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Should point-of-care ultrasonography replace stethoscopes in acute respiratory failure?

BMJ 2019; 366 doi: (Published 30 August 2019) Cite this as: BMJ 2019;366:l5225
  1. Nicholas Smallwood, consultant in acute internal medicine1,
  2. Ashley Miller, consultant in intensive care medicine2,
  3. Andrew Walden, consultant in acute internal and intensive care medicine3,
  4. Mark Hew, consultant in respiratory medicine4 5,
  5. Tunn Ren Tay, consultant in respiratory and critical care medicine6,
  6. Najib M Rahman, professor of respiratory medicine7 8
  1. 1East Surrey Hospital, Redhill, UK
  2. 2Royal Shrewsbury Hospital, Shrewsbury, UK
  3. 3Royal Berkshire Hospital, Reading, UK
  4. 4Respiratory Medicine, Alfred Hospital, Melbourne, Victoria, Australia
  5. 5Public Health and Preventive Medicine, Monash University, Melbourne, Victoria, Australia
  6. 6Department of Respiratory and Critical Care Medicine, Changi General Hospital, Singapore
  7. 7Oxford Centre for Respiratory Medicine, Churchill Hospital, Oxford, UK
  8. 8Oxford NIHR Biomedical Research Centre, Oxford, UK
  1. Correspondence to: N Smallwood nicholas.smallwood{at}, M Hew m.hew{at}

Ultrasonography would be a better diagnostic test than auscultation or chest radiography, say Nicholas Smallwood and colleagues. But Mark Hew and colleagues argue the costs are hard to justify without evidence that it would improve patient outcomes

Yes—Nicholas Smallwood, Ashley Miller, and Andrew Walden

“The most dangerous phrase in the language is, ‘We’ve always done it this way,’” said the US scientist Grace Hopper. And yet, when it comes to diagnosing the cause of acute respiratory failure, the current standard is to use the stethoscope and chest radiography—two technologies with a combined age of over 300 years.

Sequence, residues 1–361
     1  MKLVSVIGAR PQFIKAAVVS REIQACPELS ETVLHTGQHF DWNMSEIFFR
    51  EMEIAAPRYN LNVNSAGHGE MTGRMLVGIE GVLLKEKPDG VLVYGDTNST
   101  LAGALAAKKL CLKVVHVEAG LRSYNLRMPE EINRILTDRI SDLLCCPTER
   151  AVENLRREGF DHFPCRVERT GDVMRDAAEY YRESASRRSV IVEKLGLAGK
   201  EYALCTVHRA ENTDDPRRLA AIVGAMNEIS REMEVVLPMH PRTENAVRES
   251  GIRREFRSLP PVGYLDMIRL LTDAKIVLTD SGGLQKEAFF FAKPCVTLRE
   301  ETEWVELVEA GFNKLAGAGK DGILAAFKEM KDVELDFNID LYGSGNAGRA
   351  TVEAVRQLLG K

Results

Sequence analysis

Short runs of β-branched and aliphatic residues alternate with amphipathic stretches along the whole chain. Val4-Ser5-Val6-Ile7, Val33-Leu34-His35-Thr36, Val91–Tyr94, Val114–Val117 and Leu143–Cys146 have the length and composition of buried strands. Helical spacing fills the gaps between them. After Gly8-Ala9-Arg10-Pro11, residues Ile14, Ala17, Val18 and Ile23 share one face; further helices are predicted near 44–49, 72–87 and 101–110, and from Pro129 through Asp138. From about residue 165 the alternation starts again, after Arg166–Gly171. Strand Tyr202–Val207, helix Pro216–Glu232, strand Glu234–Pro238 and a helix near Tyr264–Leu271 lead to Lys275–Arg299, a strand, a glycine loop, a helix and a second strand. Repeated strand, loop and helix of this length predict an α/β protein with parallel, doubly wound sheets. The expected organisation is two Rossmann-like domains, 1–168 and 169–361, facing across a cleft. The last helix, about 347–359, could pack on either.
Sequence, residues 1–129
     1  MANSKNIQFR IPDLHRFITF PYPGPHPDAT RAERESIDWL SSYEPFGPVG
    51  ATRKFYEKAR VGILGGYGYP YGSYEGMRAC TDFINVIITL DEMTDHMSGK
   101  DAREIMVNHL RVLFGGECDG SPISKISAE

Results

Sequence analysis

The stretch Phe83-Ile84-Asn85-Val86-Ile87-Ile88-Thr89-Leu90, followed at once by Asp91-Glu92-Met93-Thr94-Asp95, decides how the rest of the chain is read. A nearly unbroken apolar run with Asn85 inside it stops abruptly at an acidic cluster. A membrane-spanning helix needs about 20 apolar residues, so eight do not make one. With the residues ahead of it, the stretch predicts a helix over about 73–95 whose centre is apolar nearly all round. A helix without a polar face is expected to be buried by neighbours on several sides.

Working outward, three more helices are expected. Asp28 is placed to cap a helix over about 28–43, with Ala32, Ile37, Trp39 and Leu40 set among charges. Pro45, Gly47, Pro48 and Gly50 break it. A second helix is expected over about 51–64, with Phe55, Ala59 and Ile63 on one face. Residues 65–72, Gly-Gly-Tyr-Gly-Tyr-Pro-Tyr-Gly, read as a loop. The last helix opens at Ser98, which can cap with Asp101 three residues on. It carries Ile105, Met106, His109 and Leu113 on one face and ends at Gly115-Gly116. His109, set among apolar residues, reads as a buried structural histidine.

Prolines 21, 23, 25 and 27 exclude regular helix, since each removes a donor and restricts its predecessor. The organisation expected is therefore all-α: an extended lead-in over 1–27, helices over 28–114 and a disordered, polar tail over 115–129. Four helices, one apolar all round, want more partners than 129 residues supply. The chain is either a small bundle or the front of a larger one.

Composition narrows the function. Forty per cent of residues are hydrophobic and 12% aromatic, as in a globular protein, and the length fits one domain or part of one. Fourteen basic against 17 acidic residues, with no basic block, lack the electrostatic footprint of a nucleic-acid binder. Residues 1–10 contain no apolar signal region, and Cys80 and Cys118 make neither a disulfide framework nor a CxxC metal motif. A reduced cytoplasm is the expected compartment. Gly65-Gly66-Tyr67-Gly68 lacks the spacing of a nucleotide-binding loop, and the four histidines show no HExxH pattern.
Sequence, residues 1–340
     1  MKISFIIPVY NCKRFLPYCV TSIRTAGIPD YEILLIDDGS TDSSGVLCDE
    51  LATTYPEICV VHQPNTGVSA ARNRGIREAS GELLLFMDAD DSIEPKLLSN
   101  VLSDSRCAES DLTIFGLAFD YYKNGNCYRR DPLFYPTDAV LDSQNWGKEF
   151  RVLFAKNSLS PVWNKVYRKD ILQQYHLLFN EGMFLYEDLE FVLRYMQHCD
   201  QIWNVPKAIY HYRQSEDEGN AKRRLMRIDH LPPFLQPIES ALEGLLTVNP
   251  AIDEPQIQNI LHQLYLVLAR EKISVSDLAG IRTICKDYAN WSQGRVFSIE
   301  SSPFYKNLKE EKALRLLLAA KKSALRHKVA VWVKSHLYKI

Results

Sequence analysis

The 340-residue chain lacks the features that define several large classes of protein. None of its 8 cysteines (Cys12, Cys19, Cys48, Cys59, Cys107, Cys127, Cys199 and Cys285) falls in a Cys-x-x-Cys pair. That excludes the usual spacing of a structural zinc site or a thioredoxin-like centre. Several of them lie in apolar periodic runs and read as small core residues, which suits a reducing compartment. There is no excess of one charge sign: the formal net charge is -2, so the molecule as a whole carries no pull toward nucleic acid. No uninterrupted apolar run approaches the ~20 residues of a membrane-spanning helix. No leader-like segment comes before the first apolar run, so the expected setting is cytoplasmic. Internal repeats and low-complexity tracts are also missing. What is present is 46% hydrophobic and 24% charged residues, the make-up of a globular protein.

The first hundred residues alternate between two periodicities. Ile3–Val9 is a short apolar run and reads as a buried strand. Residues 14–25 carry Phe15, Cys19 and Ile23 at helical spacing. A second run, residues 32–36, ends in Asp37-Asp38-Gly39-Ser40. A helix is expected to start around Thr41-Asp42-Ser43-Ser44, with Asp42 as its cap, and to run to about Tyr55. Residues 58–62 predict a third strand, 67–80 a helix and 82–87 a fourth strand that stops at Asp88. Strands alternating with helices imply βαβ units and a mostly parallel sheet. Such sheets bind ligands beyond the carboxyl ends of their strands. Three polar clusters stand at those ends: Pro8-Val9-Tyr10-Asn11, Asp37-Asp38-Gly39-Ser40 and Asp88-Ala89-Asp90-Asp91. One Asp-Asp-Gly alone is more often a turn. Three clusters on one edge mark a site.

The techniques continue to be used despite their limited diagnostic accuracy mainly because, until recently, there was no available alternative and abandoning old practices is difficult in a traditional profession such as medicine.

Current methods not sensitive or specific

Consider community acquired pneumonia, for example: neither auscultation nor chest radiography are sensitive or specific diagnostic tools. Crackles on auscultation have a sensitivity of 19-67% and a specificity of 36-96%, carrying a positive likelihood ratio of 2.3 and a negative likelihood ratio of 0.8.1 This limits their use in ruling pneumonia in or out because their presence or absence only marginally alters the provisional diagnosis. Inter-observer reliability is poor, with only 72% agreement and a kappa value of 0.41.2

Chest radiography fares only a little better. Even when reported by radiologists, the presence of infiltrates carries only 59% agreement, with an overall kappa value of 0.53 (moderate agreement).3 When chest radiography is compared with computed tomography to assess for the presence of infiltrates, sensitivity is only 43.5%.4

Similar data show the poor diagnostic yield for traditional techniques in the diagnosis of left ventricular dysfunction and other causes of …

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